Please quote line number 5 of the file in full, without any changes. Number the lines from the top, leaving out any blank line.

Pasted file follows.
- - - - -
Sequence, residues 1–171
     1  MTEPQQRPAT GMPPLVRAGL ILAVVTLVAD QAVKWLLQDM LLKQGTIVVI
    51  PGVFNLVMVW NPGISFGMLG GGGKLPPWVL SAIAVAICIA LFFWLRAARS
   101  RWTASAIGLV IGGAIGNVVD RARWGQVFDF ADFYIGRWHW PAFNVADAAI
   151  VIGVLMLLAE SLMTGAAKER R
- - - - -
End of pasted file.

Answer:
   151  VIGVLMLLAE SLMTGAAKER R